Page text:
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Michael Bennet on Immigration

Democratic Presidential Challenger; CO Senator

 


Don't decriminalize border; it's Trump's nativist hostility

Q: Should we decriminalize the border?

BENNET: I disagree that we should decriminalize our border. I was part of the Gang of Eight, with John McCain, that wrote the 2013 immigration bill that passed the Senate with 68 votes, that gave a pathway to citizenship for the 11 million undocumented people that are here, that would pass the most progressive DREAM Act that had ever been conceived, much less passed on the floor of the Senate, and had $46 billion of border security. Every single Democrat voted for that bill.

HARRIS: Laws on the books allow [kids of border crossers] to be incarcerated as though they've committed crimes. These children have not committed crimes and should be not treated like criminals.

BENNET: There's not a single person on this stage who would ever separate a child from their parents at the border. That is what this administration has done in the American people's name. They have turned our border into a symbol of nativist hostility.

Source: July Democratic Primary debate (second night in Detroit) , Jul 31, 2019

Family separation more like Holocaust than Statue of Liberty

When I see these kids at the border, I see my mom, because she was separated from her parents during the Holocaust in Poland. For Donald Trump to be doing what he's doing to children and families at the border, the president has turned the border of the United States into a symbol of nativist hostility when we should be represented by the Statue of Liberty. We need to make a change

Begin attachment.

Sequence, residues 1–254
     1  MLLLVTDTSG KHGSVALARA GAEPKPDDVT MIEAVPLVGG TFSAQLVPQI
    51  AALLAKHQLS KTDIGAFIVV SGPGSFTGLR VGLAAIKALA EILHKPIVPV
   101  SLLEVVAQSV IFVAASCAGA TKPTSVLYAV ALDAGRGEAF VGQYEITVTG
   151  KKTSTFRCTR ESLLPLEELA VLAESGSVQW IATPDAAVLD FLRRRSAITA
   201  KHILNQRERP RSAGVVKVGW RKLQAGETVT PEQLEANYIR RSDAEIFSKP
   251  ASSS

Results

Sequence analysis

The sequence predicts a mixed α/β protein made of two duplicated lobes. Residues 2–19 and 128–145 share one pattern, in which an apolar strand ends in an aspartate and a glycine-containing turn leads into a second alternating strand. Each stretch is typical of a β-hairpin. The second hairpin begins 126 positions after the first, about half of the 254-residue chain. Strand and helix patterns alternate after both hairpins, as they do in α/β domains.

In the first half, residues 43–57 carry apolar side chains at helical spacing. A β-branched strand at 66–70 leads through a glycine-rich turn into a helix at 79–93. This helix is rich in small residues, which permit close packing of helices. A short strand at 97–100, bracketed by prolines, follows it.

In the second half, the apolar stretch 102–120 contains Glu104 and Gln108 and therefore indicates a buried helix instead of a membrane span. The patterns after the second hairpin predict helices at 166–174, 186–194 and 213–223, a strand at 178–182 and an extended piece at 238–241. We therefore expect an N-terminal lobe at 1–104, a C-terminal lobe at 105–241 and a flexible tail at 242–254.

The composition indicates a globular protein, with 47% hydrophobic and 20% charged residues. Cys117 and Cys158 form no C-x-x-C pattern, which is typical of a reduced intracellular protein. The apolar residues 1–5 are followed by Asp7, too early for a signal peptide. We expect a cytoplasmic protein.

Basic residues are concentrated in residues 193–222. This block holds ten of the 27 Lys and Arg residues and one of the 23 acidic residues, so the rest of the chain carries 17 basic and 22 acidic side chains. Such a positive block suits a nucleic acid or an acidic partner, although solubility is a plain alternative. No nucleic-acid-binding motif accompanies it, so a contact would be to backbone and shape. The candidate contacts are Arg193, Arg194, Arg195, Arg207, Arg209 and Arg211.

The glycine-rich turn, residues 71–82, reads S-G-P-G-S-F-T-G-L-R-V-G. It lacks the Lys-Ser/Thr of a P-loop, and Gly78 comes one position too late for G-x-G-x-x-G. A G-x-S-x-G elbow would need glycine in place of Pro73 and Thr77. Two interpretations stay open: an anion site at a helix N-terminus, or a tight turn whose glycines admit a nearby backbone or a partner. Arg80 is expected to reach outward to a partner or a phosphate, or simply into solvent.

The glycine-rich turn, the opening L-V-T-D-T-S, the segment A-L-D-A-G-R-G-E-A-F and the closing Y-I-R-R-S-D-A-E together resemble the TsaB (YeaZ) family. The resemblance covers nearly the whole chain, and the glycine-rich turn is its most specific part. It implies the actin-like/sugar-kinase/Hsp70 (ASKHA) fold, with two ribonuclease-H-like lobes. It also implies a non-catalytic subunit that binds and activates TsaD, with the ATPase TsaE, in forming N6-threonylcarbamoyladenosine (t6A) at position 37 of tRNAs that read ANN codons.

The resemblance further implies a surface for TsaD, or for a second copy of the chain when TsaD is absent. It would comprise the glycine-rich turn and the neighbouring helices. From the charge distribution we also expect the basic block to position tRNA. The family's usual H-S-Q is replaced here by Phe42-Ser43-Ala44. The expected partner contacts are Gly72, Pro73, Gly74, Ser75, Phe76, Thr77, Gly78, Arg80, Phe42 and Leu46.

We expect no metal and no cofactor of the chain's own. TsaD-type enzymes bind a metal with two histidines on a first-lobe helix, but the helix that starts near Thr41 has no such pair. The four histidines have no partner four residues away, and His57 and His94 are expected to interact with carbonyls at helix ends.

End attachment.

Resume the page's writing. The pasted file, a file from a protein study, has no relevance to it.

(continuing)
Source: June Democratic Primary debate (second night in Miami) , Jun 27, 2019

Path to citizenship for DREAMers; oppose family separation

Bennet co-signed a letter spearheaded by Sen. Kamala Harris to then-Homeland Security Secretary Kirstjen Nielsen, demanding that the Trump administration take immediate action to reunite 539 migrant children with their families. He has advocated for providing a pathway to citizenship for DACA recipients.
Source: Axios.com "What you need to know about 2020" , May 2, 2019

Trump is anti-immigrant; immigrants are a positive force

Q: Are Trump's immigration policies driven by racism?

A: I think they're driven by a profound anti-immigrant sentiment and a complete misapprehension of the contribution that immigrants and immigration has made to the United States of America. They see it as a negative force, immigration and immigrants as a negative force. I think the history is that it has been a positive force.

Source: The Atlantic, "Immigration," on 2020 Democratic primary , Jan 24, 2018

America is a unique place for refugees to succeed

There is not an immigrant in Colorado that has a thicker accent than my grandparents had. And there was nobody I ever met who were greater patriots than my grandparents. They loved this country. And they were astonished by our political system, by our commitment to pluralism, by their ability to rebuild their shattered lives in the United States, and they truly believe they could never have done it anywhere else. I think a lot about them when we're having these immigration conversations.
Source: The Atlantic, "Immigration," on 2020 Democratic primary , Jan 24, 2018

Path to citizenship for millions living in the shadows

Q: How would you resolve the immigration issue?

Bennet: As a member of the Gang of Eight, I was part of a bipartisan team that collaborated to fix our broken immigration system. Our comprehensive immigration reform bill included a path to citizenship for millions living in the shadows, as well as measures to strengthen border security and reform our outdated visa system. It passed the Senate with 68 votes, but Washington dysfunction got in the way and House obstructionists blocked a vote.

Source: LWV's Vote411.org on 2016 Colorado Senate Race , Sep 19, 2016

More National Guard troops on border; then amnesty

Noting the murder of a U.S. citizen on a Texas border lake last week, Bennet said he supported more National Guard troops on the border as well as comprehensive immigration reform.